Do you own property in the UK?

Monday 15 February 2016

By Martyn Russell, Director, Equiom Guernsey

Martyn Russell is a Director at Equiom’s Guernsey office. With over thirty years’ experience in the fiduciary services industry, he specialises in the management and administration of ownership structures for property and luxury assets - such as yachts and aircraft. Here, he addresses some tax considerations for Channel Islands residents who own property in the UK.


The last few years have seen significant change in the way in which non-UK domiciled persons are taxable in relation to UK residential property. We have witnessed ownership via a company being subject to the introduction of the Annual Tax on Enveloped Dwellings (ATED) and an increase in Stamp Duty Land Tax (SDLT) rates to 15%. This was followed by the extension of Capital Gains Tax to both non-UK resident companies and non-UK resident individuals. One would have thought that enough turmoil had been created and that there would be a period of calm, but on 8 July last year, and as part of the UK Summer Budget, proposals were announced to fundamentally change the Inheritance Tax (IHT) treatment of UK residential property owned via an offshore company. Below we consider the theme of the proposed changes.

Present Position

Currently, non-UK domiciled persons can own UK residential property via an offshore company and its value is outside of UK IHT on their death.

Even when the non-domiciled person has been resident in the UK for many years, it is possible to structure the ownership in such a way that it remains outside of UK IHT on death. This so-called ‘Excluded Property Trust’ is widely used by non-UK domiciles who are long-term residents of the UK.

The much commented on introduction of a 15% rate of SDLT and the ATED charge was intended to make ownership of certain residential property via companies prohibitive, the increased SDLT and ATED of up to £218,200 per annum acting as a deterrent to using a company to acquire the property.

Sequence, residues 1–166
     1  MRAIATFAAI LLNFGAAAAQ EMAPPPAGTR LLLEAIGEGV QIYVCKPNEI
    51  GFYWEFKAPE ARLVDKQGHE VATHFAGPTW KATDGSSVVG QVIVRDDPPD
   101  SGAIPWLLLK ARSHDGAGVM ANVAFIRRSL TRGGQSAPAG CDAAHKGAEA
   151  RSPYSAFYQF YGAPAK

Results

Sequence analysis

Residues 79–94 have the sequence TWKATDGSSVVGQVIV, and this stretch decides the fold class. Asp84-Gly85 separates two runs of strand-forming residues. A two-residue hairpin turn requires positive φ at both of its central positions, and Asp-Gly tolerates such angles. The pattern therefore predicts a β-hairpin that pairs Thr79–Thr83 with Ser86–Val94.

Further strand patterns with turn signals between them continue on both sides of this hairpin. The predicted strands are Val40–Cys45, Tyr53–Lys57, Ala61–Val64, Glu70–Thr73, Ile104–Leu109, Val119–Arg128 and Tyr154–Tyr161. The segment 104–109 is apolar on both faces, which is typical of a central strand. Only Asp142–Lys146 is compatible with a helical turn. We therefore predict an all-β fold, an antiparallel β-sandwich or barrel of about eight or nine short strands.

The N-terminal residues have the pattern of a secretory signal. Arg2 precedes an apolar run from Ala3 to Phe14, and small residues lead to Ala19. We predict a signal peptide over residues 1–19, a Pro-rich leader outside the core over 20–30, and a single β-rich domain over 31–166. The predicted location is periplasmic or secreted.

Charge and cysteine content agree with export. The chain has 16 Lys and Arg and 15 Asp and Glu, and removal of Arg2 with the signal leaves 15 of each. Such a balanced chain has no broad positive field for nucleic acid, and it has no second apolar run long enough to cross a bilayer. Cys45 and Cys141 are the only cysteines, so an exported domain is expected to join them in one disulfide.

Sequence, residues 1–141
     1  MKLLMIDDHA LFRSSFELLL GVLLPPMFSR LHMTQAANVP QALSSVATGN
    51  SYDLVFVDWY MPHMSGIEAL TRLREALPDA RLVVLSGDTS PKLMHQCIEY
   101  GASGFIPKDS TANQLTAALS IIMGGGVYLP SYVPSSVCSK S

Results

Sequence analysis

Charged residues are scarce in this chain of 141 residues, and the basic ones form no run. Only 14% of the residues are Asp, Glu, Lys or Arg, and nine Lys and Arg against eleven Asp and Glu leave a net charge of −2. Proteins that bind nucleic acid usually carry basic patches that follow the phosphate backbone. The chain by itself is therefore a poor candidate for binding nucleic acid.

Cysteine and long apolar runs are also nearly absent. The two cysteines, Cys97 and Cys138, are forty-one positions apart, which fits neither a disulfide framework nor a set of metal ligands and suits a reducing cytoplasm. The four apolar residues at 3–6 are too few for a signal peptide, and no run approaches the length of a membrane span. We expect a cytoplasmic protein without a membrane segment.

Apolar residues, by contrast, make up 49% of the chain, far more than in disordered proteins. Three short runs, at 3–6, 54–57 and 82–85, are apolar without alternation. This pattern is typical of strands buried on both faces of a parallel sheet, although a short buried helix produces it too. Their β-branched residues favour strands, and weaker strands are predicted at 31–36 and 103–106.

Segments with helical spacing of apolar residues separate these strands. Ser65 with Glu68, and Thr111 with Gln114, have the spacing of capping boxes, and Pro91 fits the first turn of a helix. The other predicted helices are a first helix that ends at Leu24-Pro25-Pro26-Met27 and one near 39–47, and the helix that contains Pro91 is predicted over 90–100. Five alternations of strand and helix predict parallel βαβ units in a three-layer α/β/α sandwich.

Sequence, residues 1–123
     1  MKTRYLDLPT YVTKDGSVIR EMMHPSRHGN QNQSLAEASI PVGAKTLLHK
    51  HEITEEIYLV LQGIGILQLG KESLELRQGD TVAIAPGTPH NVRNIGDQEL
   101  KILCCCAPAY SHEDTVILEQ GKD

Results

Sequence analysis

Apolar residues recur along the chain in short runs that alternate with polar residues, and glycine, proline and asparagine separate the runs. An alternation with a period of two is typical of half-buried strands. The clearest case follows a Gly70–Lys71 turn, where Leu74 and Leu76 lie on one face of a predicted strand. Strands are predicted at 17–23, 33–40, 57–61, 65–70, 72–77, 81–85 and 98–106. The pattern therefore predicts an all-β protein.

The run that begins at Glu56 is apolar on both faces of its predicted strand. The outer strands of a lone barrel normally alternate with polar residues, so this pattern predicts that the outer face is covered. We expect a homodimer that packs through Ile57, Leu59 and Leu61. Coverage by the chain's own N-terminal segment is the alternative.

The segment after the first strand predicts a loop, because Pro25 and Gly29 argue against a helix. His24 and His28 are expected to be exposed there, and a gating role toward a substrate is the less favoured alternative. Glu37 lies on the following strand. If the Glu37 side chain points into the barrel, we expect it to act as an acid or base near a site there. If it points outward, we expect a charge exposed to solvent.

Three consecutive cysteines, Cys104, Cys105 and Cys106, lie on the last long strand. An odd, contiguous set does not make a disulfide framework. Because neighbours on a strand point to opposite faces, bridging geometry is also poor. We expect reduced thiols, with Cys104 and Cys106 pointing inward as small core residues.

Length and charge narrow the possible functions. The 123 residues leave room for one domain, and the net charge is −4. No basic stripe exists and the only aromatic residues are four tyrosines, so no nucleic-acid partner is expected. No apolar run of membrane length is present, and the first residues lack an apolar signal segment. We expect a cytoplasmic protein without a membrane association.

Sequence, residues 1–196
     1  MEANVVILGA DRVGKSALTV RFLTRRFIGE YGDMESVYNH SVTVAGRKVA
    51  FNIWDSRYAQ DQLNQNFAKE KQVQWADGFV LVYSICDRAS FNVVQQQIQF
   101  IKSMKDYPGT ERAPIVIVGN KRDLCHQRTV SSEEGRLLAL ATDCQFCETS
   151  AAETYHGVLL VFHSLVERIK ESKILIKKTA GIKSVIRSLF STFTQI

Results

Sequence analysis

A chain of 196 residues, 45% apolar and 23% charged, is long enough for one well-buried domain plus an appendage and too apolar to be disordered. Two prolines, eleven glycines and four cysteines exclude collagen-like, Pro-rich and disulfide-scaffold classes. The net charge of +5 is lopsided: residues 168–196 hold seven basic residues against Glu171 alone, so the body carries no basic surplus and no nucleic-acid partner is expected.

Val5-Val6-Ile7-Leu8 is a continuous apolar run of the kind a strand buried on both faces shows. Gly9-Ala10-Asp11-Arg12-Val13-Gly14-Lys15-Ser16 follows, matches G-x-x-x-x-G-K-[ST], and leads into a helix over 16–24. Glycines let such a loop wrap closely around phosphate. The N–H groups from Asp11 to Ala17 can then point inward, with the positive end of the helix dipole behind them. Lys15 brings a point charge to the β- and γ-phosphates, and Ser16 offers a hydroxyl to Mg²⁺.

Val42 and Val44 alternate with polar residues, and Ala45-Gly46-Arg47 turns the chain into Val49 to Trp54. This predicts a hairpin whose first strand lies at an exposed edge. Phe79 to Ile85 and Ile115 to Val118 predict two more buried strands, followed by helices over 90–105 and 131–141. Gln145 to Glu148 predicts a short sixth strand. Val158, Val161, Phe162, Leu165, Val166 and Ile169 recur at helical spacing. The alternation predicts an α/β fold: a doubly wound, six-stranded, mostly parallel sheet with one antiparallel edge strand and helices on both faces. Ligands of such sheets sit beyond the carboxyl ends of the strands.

There is no doubt that these measures were hugely unpopular with international investors and long-term UK resident non-domiciles alike, but as the offshore company continued to provide an IHT shelter, many paid, and continue to pay, the additional fees to secure that IHT protection. The so-called rush to ‘de-envelope’ did not materialise and, as a consequence, the UK Treasury has received significant amounts of unanticipated tax revenue.

All Change from 06 April 2017

On Budget Day last year, HMRC released a technical note in which it stated: ‘The government intends to amend the rules on excluded property so that trusts or individuals owning residential property through an offshore company, partnership or other opaque vehicle will pay IHT on the value of such property…’

The proposed effect of the announcement is to treat the offshore company as transparent and, effectively, deem the shareholder as the direct owner of the property. In this situation on the death of the shareholder, he/she is treated as owning a UK-located asset (the property) and its net value will come into the scope of IHT (subject to nil rate bands etc).

By way of an example, Mr Smith, a Channel Islands resident, non-UK domiciled individual owns, via a Channel Islands company, a UK residential property valued at £2,500,000. The property has been owned for many years and has benefitted from a significant increase in value, while at the same time it has seen a considerable reduction in the original mortgage borrowings. The result of this is that the value of the property, after deducting the remaining mortgage, is £2,000,000. Mr Smith, who is single, dies and after deducting his nil rate band of £325,000 from the net value of the property, his estate will suffer 40% IHT, which amounts to £670,000.

Prior to 6 April 2017, the corporate ownership would have been respected and he would have died holding a Channel Islands-located asset, i.e. the shares in the Channel Islands company, which for a non-UK domiciled person would have been completely outside of a charge to IHT.

Future Mitigation Strategies

Until we see the detail of the consultation document, we cannot be certain what sophisticated mitigation opportunities will exist. We do have some initial planning thoughts that we will develop as we near 6 April 2017 but, for now, there are two strategies that are robust and non-aggressive:

1. Fund the acquisition of the property by borrowing and, if possible, arrange a high loan to value/interest-only facility. Although the mainstream lenders may not typically offer such a product, there are niche lenders entering the market with a more flexible approach. This strategy will reduce the value of the property exposed to IHT.
2. Consider pure life insurance cover, where the sum insured is equivalent to the anticipated IHT charge. Products available are becoming more refined and it is now possible to secure a 10/15-year term ‘second to die’ policy. Depending on the age and health of the insured person, the premiums can be significantly less than current ATED charges. 


For further information on this subject, please contact Martyn Russell.